A Vision of the Mountains
Feb 12, 2017
I'll just go ahead and admit it up front, I've had a love affair with Moab for a long time. The landscape of the canyon country and the surrounding mountains has always touched my soul. Long before I moved to within a few hours drive, I made multiple trips there. The La Sal Mountains that rise to the east of town can reach into the view from most anywhere in the area, and on one of these trips I made it a goal of mine to capture a special image of them rising above the landscape. I was on the lookout for an interesting foreground element to place in front of them to complete the composition, a vision in my mind's eye of a great photograph.
This particular trip was an opportunity to share the area with my wife and a friend of ours for the first time. As we got out and explored the area, the "mountain shot" was one of the opportunities I was always looking for. Over the ensuing days, I tried it from a few different spots, but none of them quite measured up to what I wanted it to be. The vision was still not complete. One of the great opportunities to take advantage of in the area is to drive the La Sal Mountain Loop. This road leaves UT-128, passing through Castle Valley and heading up into the mountains, exiting in Spanish Valley south of Moab, where you meet US-191 to head back to town. You have a mix of expansive views down into the canyon country below and in your face views of the mountains that rise as high as 12,700 feet. The road itself climbs to over 8300 feet before dropping back to town. As we neared the end of the loop road itself near Spanish Valley, our friend traveling with us wanted to pull of to a historical marker just off the road to look for a geocache. As we walked around near this fenceline I looked back towards the mountains, and suddenly I had found my shot. I looked for the right angle to place the fence, and fired off a few shots.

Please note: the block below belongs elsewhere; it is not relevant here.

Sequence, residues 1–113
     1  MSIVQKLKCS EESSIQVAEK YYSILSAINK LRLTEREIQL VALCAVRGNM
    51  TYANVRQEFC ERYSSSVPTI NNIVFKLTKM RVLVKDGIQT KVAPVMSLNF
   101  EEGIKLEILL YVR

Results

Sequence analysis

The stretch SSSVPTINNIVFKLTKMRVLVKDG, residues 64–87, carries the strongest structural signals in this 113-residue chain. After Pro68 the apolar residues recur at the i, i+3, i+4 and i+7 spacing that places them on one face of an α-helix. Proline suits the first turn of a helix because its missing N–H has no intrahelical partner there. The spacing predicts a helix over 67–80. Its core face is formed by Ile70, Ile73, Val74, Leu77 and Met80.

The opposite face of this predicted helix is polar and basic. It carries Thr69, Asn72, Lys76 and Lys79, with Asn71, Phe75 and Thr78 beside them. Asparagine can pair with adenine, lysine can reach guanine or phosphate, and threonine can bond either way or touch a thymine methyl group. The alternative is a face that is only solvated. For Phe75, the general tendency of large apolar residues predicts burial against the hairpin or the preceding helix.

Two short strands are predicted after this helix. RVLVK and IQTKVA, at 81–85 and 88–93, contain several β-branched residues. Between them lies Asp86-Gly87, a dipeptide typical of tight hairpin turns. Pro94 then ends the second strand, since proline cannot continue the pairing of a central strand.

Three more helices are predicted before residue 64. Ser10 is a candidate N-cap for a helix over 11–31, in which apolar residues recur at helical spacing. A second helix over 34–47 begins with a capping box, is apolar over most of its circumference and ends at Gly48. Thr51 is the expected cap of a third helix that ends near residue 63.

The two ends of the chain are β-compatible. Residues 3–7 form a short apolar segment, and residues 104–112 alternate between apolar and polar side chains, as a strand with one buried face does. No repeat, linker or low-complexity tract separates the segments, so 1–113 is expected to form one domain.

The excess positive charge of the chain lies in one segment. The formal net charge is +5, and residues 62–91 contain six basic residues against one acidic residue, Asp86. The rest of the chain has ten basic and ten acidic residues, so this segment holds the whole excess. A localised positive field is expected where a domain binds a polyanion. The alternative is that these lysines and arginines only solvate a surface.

I've found in my work that when I have a plan for what I'm looking for before I start out I often come back with better shots to work with. This technique of previsualization is something I learned from reading Galen Rowell, who has probably been the greatest influence on my photographic style. He was a big proponent of this, as well as learning to recognize how conditions will play out in the field and placing yourself in the right position. I've come to value this as well. When it came to capturing this view of the La Sal Mountains from Spanish Valley, the visual I had in my head that I was actively looking for was what made me find the shot. As I'm returning to Moab again in the next few days, I'm developing more ideas of shots I'm looking for, and planning how to put myself in the right positions to get them.
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